The bulk of the material represents the life of William J. Ward (1808 – 1892), his correspondence with his children, and the various legal documents generated by his legal practice. The majority of this material spans the years 1833 – 1892. Correspondence between Ward and his children, falling between the years 1844 – 1846, chiefly concerns family affairs and gives evidence to the geographical mobility of the Ward family, where Charles Ward communicated from New York City, George Ward remained in Owings Mills, Maryland, and William J. Ward, Jr. traveled the country from Baltimore to Kansas. Most of the family correspondence is between William J. Ward and William J. Ward, Jr., and was written from father to son as Ward, Jr., began his career at the Virginia Military Institute c. 1869. Although most of the correspondence centers on the Ward family, there are also letters concerning Charles Warner, Jr., whose sister Annie Warner married William J. Ward, Jr., and whose father held a close relationship with William J. Ward, and a series of business correspondence from C. Stokem and Company covering the year 1876, and likely relating to one of Ward’s legal cases. Financial documents in the collection are mostly receipts, stock certificates, and tax records for individuals other than the Wards, with the names of John Albright, Joseph and Elisabeth Nagel, Daniel Pope, and John Robertson and “Robinson” (these last two appear to have been the same individual) occurring the most frequently. These receipts from personal accounts were likely involved in Ward’s handling of civil court cases, and particularly of note are a series of bank checks for the Commercial and Farmer’s Bank of Baltimore from 1816. Particularly interesting in Ward’s personal financial receipts are the records of his daughter’s and his trips to their dentist, Dr. Coyle, in 1878. Legal documents in the collection consist of indentures, statements of character, depositions, and notes on law cases. Included in this set of legal documents are a series of printed court trial records for the Miltenberger's Lessee vs. Charles Warner, as well as several land plats that appear to have been involved in this case, which was a land dispute. The printed materials in the collection consist of an incomplete “Family dictionary,” printed in 1725, a copy of the Treaty of Paris, printed in Baltimore in 178(?), a pattern book from 1905, and a sermon written by an anonymous layman to the Baltimore Ladies’ Commission for Southern Relief in 1866. Correspondence between William J. Ward and a Texan, L. A. Thompson, from March 14, 1866 reveals that this sermon was, in fact, written by William J. Ward, and placed within the context of the letter, which illuminates Southern concerns with Reconstruction, also hints that Ward was a Southern sympathizer.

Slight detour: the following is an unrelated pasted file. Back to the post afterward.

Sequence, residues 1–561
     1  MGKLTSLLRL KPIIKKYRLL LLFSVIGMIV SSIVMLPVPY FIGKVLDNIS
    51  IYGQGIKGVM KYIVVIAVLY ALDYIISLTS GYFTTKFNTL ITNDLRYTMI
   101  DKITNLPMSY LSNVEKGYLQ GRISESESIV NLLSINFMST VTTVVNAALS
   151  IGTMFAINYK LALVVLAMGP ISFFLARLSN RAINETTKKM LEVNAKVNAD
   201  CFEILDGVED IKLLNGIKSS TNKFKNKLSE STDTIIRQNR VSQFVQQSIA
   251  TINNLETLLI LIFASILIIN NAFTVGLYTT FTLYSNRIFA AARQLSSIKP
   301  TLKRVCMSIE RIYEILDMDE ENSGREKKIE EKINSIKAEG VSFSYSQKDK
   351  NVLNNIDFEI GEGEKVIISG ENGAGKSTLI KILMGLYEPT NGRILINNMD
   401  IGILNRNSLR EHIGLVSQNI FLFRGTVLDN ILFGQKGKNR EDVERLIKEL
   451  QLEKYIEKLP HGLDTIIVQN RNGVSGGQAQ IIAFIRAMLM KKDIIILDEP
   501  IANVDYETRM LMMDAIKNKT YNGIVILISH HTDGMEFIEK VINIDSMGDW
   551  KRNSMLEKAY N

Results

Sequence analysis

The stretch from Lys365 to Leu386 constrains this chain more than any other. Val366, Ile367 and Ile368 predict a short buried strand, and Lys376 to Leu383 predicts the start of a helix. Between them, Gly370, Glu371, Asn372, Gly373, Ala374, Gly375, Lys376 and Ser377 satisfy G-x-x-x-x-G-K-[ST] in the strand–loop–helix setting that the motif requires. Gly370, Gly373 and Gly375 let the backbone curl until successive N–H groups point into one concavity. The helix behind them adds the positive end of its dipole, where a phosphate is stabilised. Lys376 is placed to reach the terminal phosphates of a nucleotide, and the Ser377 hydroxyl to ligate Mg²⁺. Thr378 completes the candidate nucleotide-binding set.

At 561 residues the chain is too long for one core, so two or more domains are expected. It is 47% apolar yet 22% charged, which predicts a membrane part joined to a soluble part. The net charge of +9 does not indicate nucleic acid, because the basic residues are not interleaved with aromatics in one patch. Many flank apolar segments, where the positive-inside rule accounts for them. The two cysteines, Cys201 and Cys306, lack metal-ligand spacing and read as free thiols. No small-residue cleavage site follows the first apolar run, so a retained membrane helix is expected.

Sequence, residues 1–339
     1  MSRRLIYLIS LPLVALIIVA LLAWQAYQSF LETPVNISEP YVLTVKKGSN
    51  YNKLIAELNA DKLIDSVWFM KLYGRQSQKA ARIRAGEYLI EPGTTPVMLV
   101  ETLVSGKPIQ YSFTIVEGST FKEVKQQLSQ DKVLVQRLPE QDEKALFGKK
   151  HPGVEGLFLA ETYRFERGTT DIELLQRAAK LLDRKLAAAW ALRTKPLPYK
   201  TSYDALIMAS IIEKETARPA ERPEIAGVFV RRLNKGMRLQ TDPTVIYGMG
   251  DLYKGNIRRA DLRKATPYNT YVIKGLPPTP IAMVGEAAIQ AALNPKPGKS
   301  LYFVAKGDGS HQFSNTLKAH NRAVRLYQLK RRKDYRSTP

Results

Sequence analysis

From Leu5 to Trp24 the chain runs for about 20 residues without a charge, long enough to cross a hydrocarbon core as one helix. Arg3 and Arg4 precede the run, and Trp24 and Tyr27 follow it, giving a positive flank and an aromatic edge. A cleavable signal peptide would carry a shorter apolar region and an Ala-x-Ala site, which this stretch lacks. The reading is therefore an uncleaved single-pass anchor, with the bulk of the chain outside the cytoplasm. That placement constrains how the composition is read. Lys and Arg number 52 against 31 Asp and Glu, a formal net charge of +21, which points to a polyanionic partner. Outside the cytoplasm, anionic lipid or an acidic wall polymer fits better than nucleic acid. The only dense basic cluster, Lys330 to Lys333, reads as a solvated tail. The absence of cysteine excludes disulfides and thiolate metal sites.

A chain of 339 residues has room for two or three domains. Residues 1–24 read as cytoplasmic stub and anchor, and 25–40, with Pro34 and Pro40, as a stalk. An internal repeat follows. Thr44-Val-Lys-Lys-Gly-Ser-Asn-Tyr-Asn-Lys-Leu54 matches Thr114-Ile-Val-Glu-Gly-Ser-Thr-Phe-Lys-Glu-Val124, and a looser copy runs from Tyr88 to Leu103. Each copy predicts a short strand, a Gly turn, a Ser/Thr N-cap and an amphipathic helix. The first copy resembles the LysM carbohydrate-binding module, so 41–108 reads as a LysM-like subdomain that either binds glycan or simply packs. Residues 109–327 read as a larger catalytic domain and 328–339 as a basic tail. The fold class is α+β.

- Guide to the William J. Ward collection
- Under Revision
- Kevin C. Allor
- Description rules
- Describing Archives: A Content Standard
- Language of description
- Script of description
- Code for undetermined script
- Language of description note
- 2020-03-25: Manually entered into ArchivesSpace by Mallory Herberger.